It is an interesting anomaly.
Investors are confronted with two choices: They can capture market returns (minus low transaction costs) with 100% certainty, or they can pursue the quest for higher returns, with the probability that they will underperform the markets.
You would think that the choice would be clear. Yet the majority of investors opt to ignore the data and try to "beat the markets."
This week, I deal with several methods frequently used by investors to try to accomplish this elusive goal. None of them work. I suspect the reason investors keep trying relates more to behavioral finance than to a dispassionate examination of the data.
Thanks for your much appreciated comments and questions. Please keep them coming.
Question: You are always recommending index funds. How risky are they?
Answer: Any investment in the stock or bond markets carries risk. The higher the percentage of stocks in your portfolio--whether in actively managed funds or in index funds--the greater the risk.
My recommendation of index funds is intended for investors who can tolerate market risk. Investors who have a time horizon of less than four years should not be exposed to any market risk--even in a very conservative portfolio consisting primarily of bonds. The time horizon increases to as much as twelve years for investors whose portfolios consist primarily of stocks.
Investors who cannot tolerate any market risk should invest in FDIC insured Certificates of Deposit or Treasury Bills. While these investments are typically called "risk free", that is somewhat misleading because they still carry a small amount of risk.
Question: Do you recommend using Exchange Traded Funds to buy sectors of the market?
Answer: No. Because I have no way of determining which sectors of the market will outperform other sectors. The technology and telecom sectors were very hot before they crashed in 2001. The financial sector was booming until the recent sub-prime debacle. Sector picking is no more reliable than stock picking.
Question: Are stock markets efficient? What does that mean?
Answer: The efficient markets theory holds that stocks in developed markets are correctly priced because the price reflects all public information about the stock. An excellent summary of the data supporting this theory can be found on the web page of Dimensional Fund Advisors here.
While I find this data convincing, others do not. However, I believe the debate over whether markets are, or are not, efficient misses the point.
I have yet to find any data supporting any methodology that investors can follow to exploit perceived inefficiencies in the market. Therefore, the debate seems moot.
Dr. Mark Rubenstein summarized the issue in an article in the Financial Analysts Journal, stating:
"...for a single investor (in the absence of inside information) to believe that prices are significantly in error is almost always folly. Public information should already be embedded in prices."
The next time your broker or advisor scoffs at the notion that markets are efficient, ask her to show you data indicating any methodology that consistently outperformed the markets, without taking more risk.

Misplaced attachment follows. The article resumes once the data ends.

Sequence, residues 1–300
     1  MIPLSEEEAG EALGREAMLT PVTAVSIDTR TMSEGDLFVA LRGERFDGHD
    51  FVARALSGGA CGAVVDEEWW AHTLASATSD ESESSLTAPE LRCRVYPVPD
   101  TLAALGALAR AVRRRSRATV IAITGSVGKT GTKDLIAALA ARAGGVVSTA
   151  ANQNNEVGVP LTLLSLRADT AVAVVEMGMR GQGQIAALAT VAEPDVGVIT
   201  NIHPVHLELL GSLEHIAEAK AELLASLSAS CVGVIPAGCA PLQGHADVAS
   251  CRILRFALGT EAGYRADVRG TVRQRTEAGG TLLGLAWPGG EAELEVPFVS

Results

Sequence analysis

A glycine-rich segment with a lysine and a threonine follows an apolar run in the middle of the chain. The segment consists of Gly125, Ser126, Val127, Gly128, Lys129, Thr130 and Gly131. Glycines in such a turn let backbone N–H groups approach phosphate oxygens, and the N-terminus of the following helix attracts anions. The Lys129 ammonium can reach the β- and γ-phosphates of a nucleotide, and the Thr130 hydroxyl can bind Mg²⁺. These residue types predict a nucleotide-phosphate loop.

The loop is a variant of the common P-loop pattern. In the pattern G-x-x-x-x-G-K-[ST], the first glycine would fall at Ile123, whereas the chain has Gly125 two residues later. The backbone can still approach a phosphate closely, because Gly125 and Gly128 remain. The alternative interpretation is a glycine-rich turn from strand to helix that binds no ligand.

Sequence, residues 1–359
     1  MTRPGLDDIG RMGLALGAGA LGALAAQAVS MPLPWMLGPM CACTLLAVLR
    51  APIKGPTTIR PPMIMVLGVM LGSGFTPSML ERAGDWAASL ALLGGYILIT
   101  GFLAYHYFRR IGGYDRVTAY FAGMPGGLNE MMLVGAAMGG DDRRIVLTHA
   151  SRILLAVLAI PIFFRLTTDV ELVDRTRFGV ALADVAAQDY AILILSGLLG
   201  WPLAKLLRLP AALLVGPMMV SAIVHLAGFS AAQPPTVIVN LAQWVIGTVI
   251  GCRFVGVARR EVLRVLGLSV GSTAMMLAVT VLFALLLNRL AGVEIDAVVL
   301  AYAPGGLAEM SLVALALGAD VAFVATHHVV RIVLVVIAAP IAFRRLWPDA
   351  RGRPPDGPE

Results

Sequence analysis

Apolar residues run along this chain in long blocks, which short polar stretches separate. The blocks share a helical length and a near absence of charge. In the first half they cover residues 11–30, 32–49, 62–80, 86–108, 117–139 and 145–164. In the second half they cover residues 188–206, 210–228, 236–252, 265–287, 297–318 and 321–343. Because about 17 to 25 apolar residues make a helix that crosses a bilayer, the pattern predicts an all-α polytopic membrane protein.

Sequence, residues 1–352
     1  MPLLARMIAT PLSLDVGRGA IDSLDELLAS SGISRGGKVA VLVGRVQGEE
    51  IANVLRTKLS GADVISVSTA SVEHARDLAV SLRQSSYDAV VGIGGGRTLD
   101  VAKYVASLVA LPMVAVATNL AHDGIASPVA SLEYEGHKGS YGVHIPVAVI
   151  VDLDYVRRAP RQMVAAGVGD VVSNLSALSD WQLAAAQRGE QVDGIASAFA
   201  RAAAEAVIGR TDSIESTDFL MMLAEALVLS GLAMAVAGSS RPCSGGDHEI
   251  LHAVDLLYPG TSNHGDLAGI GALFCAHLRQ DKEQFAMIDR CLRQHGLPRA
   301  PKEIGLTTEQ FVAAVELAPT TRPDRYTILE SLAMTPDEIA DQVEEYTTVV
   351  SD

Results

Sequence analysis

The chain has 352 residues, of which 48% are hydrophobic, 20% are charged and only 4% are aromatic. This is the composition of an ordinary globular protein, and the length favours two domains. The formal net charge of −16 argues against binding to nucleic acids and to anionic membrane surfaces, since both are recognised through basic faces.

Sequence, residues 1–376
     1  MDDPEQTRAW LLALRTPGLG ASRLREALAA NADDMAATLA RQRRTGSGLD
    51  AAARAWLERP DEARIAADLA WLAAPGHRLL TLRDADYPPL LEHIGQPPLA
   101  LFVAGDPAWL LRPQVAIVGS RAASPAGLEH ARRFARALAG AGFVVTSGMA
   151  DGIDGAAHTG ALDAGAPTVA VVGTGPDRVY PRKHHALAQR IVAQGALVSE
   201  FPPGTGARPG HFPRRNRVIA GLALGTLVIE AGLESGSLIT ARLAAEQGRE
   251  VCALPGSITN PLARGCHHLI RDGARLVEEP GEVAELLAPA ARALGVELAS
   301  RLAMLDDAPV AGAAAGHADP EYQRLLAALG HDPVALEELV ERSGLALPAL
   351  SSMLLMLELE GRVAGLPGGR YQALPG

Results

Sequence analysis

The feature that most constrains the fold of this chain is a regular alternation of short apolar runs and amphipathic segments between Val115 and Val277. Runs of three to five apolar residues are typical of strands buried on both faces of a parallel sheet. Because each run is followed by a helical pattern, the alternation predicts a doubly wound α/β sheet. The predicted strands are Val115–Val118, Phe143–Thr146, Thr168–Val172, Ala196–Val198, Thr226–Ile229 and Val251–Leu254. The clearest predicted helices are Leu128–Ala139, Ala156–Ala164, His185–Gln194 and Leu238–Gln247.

Don't worry about being overwhelmed by her response.
Question: Do you recommend buying high dividend stocks? Aren't they just like bonds, but with higher returns?
Answer: The reader whose comment stimulated this question used Provident Energy Trust (PVX) as an example of this strategy. He noted that "[I]t's an energy trust from Canada that pays like 12% dividends and the price barely moves. What I'm getting at is this: are you completely, 100% against owning any stocks? Surely, a wise investor like you wouldn't be totally against owning stable, slow, boring, dividend paying stocks. It's almost like having a supercharged savings account or CD."
Sounds good. Great return, little risk. Is there really a free lunch?
Of course not. Let's examine the data.
The three year weighted standard deviation of PVX as of December 2007 was 20.60 vs. a standard deviation of the S&P 500 of 7.74. This means that PVX is almost three times as volatile as the S & P 500. A portfolio consisting solely of an S & P 500 index fund would be too volatile for almost all investors. This stock is almost 300% more volatile! Does that sound like it is "stable", "slow", and "boring" to you?
Higher returns, whether in the form of dividends or total returns, always come with a price tag: higher risk.
Instead of engaging in the fruitless search for high returns with low risk, investors would be far better served by determining an appropriate asset allocation for their investment objective and tolerance for risk and investing in a globally diversified portfolio of low cost index or passively managed funds.
The views set forth in this blog are the opinions of the author alone and may not represent the views of any firm or entity with whom he is affiliated. The data, information, and content on this blog are for information, education, and non-commercial purposes only. Returns from index funds do not represent the performance of any investment advisory firm. The information on this blog does not involve the rendering of personalized investment advice and is limited to the dissemination of opinions on investing. No reader should construe these opinions as an offer of advisory services. Readers who require investment advice should retain the services of a competent investment professional. The information on this blog is not an offer to buy or sell, or a solicitation of any offer to buy or sell any securities or class of securities mentioned herein.
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